The part of the Federation conceded to Mars at the conclusion of the Martian revolts is the Military Branch of the Federation. While for a long time a purposeless entity, the Military Branch is a key component to continued Federation Dominance.
While the Military branch contains many subsections, the largest and the most important is the Mars Carrier Command, which is used interchangeably with the Military Branch.
The MCC was originally created as an amalgamation of other Military institutions that survived the end of the revolts. Originally, it was created with the purpose of commissioning, building, crewing, and the coordinating of Carriers. After the last revision of the Deliverance Accords, the MCC is further empowered to regulate the mercantile Carriers with Military ones, and assign political officers to Carriers. Finally, the MCC trains and equips a standing army of the Federation – Troops from which political officers and “guaranteed crews” are drawn from. Military Carriers (such as the Olympus) are staffed exclusively by highly disciplined and loyal troopers.
MCC officers are chosen by the MCC. This causes the MCC to be fairly conservative with changing policy that can affect the lives of billions.
When the MCC determines that a new Carrier is necessary for the continued efficiency of the Fleet, they will take this request to the MCC Liaison on Earth. If approved, the MCC Liaison will then take the request to Budget and Funding, where funding is allocated to the project. After this point, the MCC will finalize designs and begin construction over Mars. If a batch of Warp drives has to be built to build the Carrier around, the MCC will further charter a solar-bound Carrier to build a batch of Warp Drive facilities in the Kuiper Belt. The MCC has always used the shipyards above Mars for Carrier construction, with the sole exception of Olympus.
After the Carrier construction is completed, the MCC then selects the crew and captain of the Carrier. This period of time can take quite a while, as the MCC is presented with a lot of political pressure from interests, both solar and extra solar, that want to influence to choosing of the crew. Usually, a majority of the crew will be selected from MCC personnel: both for their reliability, their loyalty to Mars, and as an incentive for their officers.
It is a reality of the warp drive that the only lines of communication between different settled systems (including the solar system) is the Carrier. It is also a reality of the Carrier that there will always exist less Carriers than there are demand – the cost of assembling a Carrier prohibit the mass production of these vessels. Thus, it is imperative for the Carriers to take an efficient route through the stars. All parties benefit: Colonies can periodic, predictable visits, Carriers maximize their cargo space to the benefit of their crews, and the Federation keeps the colonies within their political umbrella.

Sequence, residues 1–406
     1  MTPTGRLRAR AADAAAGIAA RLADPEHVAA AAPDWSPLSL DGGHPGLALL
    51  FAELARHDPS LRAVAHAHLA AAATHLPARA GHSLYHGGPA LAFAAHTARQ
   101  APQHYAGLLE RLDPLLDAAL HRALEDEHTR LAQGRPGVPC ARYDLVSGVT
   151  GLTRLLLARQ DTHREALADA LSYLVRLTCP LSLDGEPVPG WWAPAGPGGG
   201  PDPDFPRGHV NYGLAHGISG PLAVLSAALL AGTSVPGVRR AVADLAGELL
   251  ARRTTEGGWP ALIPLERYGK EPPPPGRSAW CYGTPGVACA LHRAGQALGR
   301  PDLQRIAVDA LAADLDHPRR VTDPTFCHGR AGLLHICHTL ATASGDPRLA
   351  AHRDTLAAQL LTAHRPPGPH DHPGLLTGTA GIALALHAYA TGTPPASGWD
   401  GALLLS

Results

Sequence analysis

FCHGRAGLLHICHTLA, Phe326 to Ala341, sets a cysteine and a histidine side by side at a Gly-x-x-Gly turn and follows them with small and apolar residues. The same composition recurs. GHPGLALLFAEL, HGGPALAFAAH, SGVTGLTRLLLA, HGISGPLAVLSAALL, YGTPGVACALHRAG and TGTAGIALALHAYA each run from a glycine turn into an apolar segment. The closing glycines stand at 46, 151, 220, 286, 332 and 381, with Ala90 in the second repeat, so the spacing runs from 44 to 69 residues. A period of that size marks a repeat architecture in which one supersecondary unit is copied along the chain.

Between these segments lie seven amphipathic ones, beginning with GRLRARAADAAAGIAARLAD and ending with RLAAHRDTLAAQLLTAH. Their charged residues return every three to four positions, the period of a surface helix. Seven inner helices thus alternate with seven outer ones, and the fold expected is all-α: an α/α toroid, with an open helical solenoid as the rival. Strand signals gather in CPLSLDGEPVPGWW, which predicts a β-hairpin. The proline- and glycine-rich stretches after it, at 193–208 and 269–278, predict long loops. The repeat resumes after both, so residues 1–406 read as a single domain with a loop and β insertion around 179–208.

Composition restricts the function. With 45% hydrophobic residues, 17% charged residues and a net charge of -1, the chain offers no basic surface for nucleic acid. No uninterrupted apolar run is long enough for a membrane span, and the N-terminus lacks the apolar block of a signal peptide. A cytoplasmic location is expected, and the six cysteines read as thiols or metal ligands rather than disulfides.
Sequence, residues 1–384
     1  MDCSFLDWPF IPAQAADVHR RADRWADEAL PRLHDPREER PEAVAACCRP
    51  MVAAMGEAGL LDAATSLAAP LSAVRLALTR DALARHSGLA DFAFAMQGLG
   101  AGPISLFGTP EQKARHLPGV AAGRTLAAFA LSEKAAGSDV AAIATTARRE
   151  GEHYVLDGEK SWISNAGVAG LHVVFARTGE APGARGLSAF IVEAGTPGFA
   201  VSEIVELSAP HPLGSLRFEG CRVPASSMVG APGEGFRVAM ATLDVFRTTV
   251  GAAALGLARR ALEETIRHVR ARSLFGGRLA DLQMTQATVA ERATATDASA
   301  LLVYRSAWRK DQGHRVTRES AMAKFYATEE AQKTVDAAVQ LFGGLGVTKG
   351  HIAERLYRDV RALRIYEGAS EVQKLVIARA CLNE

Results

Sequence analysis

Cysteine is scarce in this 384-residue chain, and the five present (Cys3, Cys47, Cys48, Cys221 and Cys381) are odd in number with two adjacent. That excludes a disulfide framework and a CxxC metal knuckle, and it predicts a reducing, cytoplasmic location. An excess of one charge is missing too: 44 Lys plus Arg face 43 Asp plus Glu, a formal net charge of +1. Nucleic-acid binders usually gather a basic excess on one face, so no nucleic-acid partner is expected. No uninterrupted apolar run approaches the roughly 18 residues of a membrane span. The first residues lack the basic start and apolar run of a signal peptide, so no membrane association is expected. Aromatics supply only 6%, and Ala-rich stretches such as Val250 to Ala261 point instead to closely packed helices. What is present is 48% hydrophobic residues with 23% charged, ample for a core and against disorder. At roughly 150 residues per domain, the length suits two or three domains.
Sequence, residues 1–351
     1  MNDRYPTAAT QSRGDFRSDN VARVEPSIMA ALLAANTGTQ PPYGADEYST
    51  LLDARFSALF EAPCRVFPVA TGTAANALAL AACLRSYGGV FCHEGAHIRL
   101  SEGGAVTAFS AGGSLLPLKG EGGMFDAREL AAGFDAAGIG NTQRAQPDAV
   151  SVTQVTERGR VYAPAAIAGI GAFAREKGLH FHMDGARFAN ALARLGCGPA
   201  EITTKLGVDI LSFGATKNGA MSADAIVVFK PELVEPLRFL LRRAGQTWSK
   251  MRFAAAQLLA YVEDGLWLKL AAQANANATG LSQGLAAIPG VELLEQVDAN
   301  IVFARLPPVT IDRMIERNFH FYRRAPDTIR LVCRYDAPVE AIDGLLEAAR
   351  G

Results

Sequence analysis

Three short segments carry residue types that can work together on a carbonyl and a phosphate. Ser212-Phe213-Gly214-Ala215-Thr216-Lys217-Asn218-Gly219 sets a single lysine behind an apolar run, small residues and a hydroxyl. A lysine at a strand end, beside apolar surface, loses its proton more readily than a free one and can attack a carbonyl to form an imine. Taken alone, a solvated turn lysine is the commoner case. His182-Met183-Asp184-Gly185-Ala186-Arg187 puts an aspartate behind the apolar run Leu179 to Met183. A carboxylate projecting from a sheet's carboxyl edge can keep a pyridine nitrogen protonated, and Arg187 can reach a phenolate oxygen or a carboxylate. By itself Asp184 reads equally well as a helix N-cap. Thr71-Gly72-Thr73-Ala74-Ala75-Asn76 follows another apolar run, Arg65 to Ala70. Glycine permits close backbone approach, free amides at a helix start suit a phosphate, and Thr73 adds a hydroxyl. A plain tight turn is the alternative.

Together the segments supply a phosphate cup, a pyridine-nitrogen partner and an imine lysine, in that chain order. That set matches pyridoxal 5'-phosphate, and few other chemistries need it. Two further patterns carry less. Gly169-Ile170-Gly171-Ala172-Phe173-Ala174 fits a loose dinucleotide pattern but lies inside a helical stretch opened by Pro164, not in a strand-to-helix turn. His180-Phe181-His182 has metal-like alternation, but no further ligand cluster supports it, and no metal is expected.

The MCC coordinates Carriers by prescribing routes to individual Carriers that are refreshed every time a Carrier arrives back to the Solar system. Carrier Captains are usually instructed that while the schedule cannot be enforced outside the Solar system, it is the most efficient one possible. The MCC will attempt to build in some redundancy in these schedules to give Captains some leeway to pursue matters that may come up during their run. After a Carrier arrives back in the Solar system, they are assigned a new schedule after informing the Internal Affairs Board of their financial activities.
The ability for the MCC to schedule Carriers is the primary means by which the MCC exerts influence over the Carrier Fleet. Captains would rather walk lockstep with the MCC than arrive in a system that is only recently visited by a rival Carrier. Doing so means that the Carrier will probably run empty, and the Federation will not hold themselves liable for the out-of-schedule movement of Carriers. The Captain, then, will be forced to answer to the crew why has to garnish their wages to keep his command going. This truth is obvious to every single Carrier Captain, and thus changing the itinerary of the Carrier is a right few Captains exercise.
By it's nature, the Federation cannot keep vigil over all of the colony worlds. This is simply the physical reality. Thus, Federal law enforcement gets laxer as you move further away from the Solar system. A far flung colony may get a Carrier visit every Terran year, leaving very little room for Federation oversight. Thus, further away colonies can get away with a legal system that is divergent than that of the larger Federation. If a private colony declares itself to be a monarchy with the owner of said colony as the monarch, it might take over a year for retribution to arrive, if at all.
However, as it was with the Fairweather colony, sometimes conditions are so bad for prospective colonies that the MCC is forced to step in. This task is relegated solely to the Olympus and other future Military Carriers – Carriers built for the explicit purpose of bringing rogue Carriers to heel and raze destitute colonies to ash.
The Olympus has an unchanging schedule – it patrols every known colony as periodically as possible. Because of her singular mission, she only carries Federal Inquiry teams – groups of civillian operatives that spend time on the surface, gathering intelligence, and observing the books. If they detect wrong-doing, the Olympus is also the home of a court of judges assigned by the Legislative Board.
If the Olympus finds questionable behavior, as determined by her Court, she may take several actions: She can arrest the administration in charge of the Colony, seize property, organize local elections, or bring recommendation to the Federation for financial penalties. Because all of these powers are granted by the Deliverance Accords that all colonies are signatory to, the Olympus may use any amount of military force to bring her objectives to conclusion.